Sunday, 2 February 2014

KOZM VDC (Voodoo Child) series ergonomic acoustic guitars
Jeff Kosmoski of KOZM Guitars, located outside of Portland, OR in the Pacific Northwest of the USA, has made it his mission to single-handedly shake-up the guitar-making industry and bring it into the modern age. He specialises in guitars which are ergonomic, organic, curvaceous, and three-dimensional with bodies that resonate, howl, scream and sing.

KOZM VDC-1 and VDC-2 acoustic guitars
Witness the KOZM VDC series guitars shown here. Forger your flat-tops and never mind your archtop guitars, did you ever see any acoustics that were as three-dimensionally curvy as these?

Jeff tells us that:
These guitars are similar to my Heresy 1 series, in terms of scale length and general body size. However, the VDC series (VooDoo Child) has these major differences:
  1. An inclination to use voodoo-rich swamp ash in the front half of the guitar body. The VDC 1 has a figured-maple center area, with swamp ash in the outer areas. I used Doug Fir in the VDC 2 because I wanted to see how it affected the sound. (The VDC 1 has a well balanced sound with a surprising amount of low end, whereas the VDC 2 is a bit brighter. FYI, the actual cubic-inch volume of the VDC body is only about 57% of a conventional dreadnaught.)

  2. A modified hard tail bridge. This is basically a conventional, off-the-shelf hard tail bridge, with several key modifications to enhance the flow of acoustic energy into the East Indian rosewood base - and the body of the guitar. (See photos 1-3 below).

  3. The lower waist has been moved towards the bridge a tad. Although this gives the guitar a subtle non-symmetric appearance, the purpose was to force the guitar towards the player's left (at least when sitting down), which in turn tends to lower the right elbow and shoulder - resulting in a more comfortable and natural playing position.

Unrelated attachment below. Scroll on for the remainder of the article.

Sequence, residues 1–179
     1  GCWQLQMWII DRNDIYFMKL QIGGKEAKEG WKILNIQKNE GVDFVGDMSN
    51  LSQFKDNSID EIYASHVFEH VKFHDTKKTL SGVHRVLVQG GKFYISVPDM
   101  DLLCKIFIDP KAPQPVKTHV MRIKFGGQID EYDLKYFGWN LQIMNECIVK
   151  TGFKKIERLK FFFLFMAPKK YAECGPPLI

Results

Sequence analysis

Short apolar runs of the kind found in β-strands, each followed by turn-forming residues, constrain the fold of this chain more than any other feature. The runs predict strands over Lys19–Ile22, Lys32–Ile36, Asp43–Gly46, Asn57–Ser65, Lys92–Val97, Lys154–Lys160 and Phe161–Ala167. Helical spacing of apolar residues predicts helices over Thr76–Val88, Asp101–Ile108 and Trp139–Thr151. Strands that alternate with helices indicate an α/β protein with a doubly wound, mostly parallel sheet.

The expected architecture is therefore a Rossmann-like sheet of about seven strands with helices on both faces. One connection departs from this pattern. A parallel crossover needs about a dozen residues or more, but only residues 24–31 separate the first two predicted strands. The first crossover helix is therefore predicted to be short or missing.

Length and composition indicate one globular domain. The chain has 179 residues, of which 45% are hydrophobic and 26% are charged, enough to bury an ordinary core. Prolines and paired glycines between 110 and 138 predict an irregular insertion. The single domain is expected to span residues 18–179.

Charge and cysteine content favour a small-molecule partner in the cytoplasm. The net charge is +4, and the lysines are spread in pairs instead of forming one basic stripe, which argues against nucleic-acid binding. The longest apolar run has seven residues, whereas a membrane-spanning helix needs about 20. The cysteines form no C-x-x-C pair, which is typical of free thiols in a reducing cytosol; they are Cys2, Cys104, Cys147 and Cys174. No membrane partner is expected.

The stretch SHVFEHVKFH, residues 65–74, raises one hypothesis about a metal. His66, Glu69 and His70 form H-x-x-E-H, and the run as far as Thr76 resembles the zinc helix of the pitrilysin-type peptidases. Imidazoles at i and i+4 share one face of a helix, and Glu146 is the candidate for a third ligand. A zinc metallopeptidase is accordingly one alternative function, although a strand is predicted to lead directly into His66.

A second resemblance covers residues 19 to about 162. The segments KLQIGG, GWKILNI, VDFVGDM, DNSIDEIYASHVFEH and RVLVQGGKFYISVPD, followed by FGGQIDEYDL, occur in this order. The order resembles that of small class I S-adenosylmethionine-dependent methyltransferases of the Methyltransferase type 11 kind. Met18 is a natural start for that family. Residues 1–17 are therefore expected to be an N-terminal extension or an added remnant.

In addition, the VDC 2 has a set of K&K Pure Mini transducers.
It's heartening in these days of the "same old, same old" cookie cutter guitar designs to see someone doing something completely different and original in guitar design, and particularly within the field of acoustic guitar. How many of us have despaired of our acoustic guitar bridges and wished that we could set up the intonation as easily as on an electric?

G L Wilson

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  1. To Bring us straight back to boring cookie cutter designs.... Gibson did try this on their Dove acoustic in the late 60's, and it was doubtless brought up in the design for this guitar. The dove, like the hummingbird, was meant to fit into that high-end slot of the range, so much so that they crafted a smaler tune o matic bridge to fit to the guitar which caused problems almost immediately. The first being the bridge was so tall it meant that if the neck benst slightly the action could not go as low as with a standard bone piece, and so the action was miles out after a while. i believe the bridge also fell out when the guitar had no strings on, so maintenance almost always included a setup, and not everyone knew how to set the damn thing for an acoustic. The Huge lump of metal meant that the resonance of the top was all off, making the acoustic sound rather plain with none of the richness that the spruce, maple body could provide. The Dove wasn't cheap, and thanks to it's DELUXE feature, the dove never really got a good start and has flitted in and out of production for decades.

    The 70's were worst, with the tune o matic being replaced with that small piece of 'adjustable' steel, which intonated about as well as a guitar with a warped neck and sadly spread out to other makes and designs. Hence, why we all remeber the hummingbird and not the superior dove.

    That said, this may come from a similar tradition of thought, but has been done ever so right. Rather than try and bolt the modern onto the best acoustic designs of the 30's the acoustic is simply rebuilt rather than sloppily reconfigured. And frankly given how much a dreadnought costs these days from the big manufacturers, ergonomic hardly seems to be more costly. But it does beg the question, what to do with our regular old acoustics? I'd like to see what this gentleman could fo for the more old school acoustic bridge, because we need some kind of well crafted minimalist design there, a method of retrofitting.

  2. At last a "modern" accoustic! Brilliant!



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